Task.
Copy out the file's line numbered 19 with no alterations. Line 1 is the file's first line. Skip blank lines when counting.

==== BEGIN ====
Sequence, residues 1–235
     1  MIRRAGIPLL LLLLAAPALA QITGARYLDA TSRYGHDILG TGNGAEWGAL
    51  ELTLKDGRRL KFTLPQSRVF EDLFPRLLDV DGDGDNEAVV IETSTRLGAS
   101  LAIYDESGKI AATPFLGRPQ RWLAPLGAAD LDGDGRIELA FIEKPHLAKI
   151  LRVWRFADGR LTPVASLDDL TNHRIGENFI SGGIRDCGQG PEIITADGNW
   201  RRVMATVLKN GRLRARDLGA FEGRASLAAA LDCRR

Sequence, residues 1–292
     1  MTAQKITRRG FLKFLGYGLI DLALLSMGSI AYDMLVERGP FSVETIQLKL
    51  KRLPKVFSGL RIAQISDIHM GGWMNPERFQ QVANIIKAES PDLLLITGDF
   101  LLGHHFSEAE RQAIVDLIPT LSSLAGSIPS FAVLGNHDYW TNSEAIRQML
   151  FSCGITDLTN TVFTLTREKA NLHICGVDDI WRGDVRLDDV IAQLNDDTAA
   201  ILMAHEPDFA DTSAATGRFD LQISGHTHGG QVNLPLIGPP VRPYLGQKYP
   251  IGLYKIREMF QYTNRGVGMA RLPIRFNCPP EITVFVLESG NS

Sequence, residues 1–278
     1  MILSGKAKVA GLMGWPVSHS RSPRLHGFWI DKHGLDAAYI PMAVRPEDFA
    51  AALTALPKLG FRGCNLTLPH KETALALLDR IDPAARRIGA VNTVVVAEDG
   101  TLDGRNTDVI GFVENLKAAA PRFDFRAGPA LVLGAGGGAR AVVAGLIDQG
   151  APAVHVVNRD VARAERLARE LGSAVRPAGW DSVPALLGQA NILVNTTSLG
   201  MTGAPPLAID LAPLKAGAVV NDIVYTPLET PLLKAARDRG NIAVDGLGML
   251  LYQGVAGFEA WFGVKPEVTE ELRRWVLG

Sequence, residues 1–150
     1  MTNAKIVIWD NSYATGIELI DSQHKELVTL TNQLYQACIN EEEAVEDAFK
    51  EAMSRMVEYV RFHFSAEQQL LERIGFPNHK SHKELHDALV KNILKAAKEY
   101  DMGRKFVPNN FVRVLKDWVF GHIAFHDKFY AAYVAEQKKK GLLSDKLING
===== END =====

   201  MTGAPPLAID LAPLKAGAVV NDIVYTPLET PLLKAARDRG NIAVDGLGML